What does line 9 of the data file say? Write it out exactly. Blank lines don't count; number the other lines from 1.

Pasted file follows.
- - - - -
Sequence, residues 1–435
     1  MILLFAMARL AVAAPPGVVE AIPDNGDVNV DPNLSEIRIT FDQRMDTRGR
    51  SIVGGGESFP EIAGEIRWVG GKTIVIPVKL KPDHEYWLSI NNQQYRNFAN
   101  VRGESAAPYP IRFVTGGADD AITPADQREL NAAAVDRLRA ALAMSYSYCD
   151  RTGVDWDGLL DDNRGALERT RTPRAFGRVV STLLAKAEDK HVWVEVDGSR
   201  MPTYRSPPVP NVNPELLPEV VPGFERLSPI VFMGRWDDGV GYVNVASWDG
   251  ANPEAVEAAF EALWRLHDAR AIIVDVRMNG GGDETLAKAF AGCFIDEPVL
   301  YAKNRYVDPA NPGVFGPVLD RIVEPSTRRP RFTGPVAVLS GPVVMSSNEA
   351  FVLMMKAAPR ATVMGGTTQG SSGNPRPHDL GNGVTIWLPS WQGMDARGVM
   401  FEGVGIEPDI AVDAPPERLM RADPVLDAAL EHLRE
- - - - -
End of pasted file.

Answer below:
   351  FVLMMKAAPR ATVMGGTTQG SSGNPRPHDL GNGVTIWLPS WQGMDARGVM